Spring showers bring fresh flowers, only for them to die a few months later. If you’re planning on adding some floral decor to your home this season, can we tempt you to consider dried flowers? Watching your favorite blooms slowly wither away is arguably the worst part about decorating with live plants.
“Dried flowers were really trendy back in the ’80s and then they dipped in the ’90s,” says Megan Callahan, brand manager of Afloral. For a long time these arrangements had a distinctly dated vibe.“A couple of years ago, the boho style was really coming back into trend, and that definitely has more of a wild, organic, whimsical look to it,” Callahan explains.
“There’s been a super big resurgence in dried flowers the last five to seven years,” she adds. “We’ve really seen the traffic and interest peak since then.” There’s no denying dried flowers are huge right now—and for good reason. They’re pretty, creative, generally cost-effective, and an extremely sustainable way to cover your home in color and blooms. Best of all, they’re easy to grow and dry yourself. But don’t just take our word for it: We spoke to two of the best florists in the field to learn how to do it in five easy steps.
“If you’ve got the space, and if you’re interested in doing so, it’s cheaper, better for the environment, and more sustainable to grow your flowers yourself,” says Carolyn Dunster, florist and author of Cut & Dry: The Modern Guide to Dried Flowers from Growing to Styling.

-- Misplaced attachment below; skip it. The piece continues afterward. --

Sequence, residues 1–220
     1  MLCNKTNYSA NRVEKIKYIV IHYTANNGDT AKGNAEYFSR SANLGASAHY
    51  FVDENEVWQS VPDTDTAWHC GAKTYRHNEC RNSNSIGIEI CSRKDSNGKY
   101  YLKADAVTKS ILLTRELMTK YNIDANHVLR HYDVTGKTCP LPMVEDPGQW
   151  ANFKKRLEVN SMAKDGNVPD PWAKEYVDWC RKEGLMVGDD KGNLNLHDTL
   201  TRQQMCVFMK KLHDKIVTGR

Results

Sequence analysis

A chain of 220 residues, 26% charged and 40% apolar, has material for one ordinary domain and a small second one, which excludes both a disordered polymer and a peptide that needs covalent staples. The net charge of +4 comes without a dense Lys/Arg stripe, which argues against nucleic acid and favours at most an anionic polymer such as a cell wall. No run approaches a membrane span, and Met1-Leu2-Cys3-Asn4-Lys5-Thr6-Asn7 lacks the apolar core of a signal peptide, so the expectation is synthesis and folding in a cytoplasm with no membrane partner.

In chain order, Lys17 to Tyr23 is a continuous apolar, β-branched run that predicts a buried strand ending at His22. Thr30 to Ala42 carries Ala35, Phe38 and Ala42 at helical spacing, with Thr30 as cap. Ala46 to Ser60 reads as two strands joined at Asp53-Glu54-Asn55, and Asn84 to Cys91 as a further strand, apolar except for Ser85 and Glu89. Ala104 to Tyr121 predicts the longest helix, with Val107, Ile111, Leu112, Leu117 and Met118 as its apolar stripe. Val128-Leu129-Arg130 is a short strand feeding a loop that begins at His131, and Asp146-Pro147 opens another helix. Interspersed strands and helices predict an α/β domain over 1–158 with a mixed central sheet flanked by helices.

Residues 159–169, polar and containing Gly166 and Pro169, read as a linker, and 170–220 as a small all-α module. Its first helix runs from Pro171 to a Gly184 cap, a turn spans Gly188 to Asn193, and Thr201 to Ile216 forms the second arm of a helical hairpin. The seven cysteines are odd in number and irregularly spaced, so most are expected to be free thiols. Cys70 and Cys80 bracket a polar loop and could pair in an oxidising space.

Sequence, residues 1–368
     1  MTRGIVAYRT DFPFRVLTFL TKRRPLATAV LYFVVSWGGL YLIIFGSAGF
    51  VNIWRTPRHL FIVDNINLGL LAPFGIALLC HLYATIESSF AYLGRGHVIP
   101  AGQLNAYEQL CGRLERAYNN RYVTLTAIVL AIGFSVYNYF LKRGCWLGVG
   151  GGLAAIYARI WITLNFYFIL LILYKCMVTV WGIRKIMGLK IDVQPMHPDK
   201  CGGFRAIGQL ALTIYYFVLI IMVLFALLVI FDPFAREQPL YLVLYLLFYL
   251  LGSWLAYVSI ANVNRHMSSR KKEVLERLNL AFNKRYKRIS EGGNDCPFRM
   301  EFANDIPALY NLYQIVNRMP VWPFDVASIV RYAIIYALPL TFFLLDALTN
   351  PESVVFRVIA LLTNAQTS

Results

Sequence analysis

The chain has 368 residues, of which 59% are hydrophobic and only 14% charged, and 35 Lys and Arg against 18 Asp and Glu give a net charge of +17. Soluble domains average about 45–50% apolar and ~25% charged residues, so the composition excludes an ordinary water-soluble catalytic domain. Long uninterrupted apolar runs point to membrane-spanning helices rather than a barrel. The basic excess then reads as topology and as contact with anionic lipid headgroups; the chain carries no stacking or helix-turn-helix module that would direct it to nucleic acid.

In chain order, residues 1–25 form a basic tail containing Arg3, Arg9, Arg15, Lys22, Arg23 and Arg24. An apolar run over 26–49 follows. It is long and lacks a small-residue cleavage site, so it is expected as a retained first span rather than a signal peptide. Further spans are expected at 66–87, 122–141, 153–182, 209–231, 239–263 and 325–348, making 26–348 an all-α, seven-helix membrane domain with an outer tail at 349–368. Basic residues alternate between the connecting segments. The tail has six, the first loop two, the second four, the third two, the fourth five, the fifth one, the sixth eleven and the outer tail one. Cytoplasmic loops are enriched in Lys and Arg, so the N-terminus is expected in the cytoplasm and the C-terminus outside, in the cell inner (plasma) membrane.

Dunster suggests starting with annuals, which are flowers that germinate, grow, flower, set seed, and die all within one season. They don’t typically need much room to grow and are low-maintenance, making them great for apartments or homes without much outdoor space and for first-time florists. Cosmos, begonia, petunias, chrysanthemum, primrose, and pansies are all examples of annuals that could look beautiful in your arrangements.
Callahan insists that “looking up color theory is always super helpful.” So, give the color wheel a spin and find hues that are complementary, analogous, or any other scheme you particularly like. You can apply the theory to the arrangement itself and find flowers that match those hues or even think about how the flowers will fit into the rest of the room or space you plan to put them in. You could also pay a visit to your local flower shop to find things that you gravitate toward.
There’s a little more to the craft than just waiting until your bouquet withers away. It’s best to have somewhat of a game plan with your flowers because there are a few factors that will come into play.
Whether or not the flowers dry successfully largely comes down to two things: the humidity of the room that you’re drying them in and the timing in the plant’s life cycle. “A warm, dry room is ideal,” Dunster explains, although a cool room would work too if the air can circulate. You just don’t want to keep the flowers in a damp area where they could easily mold.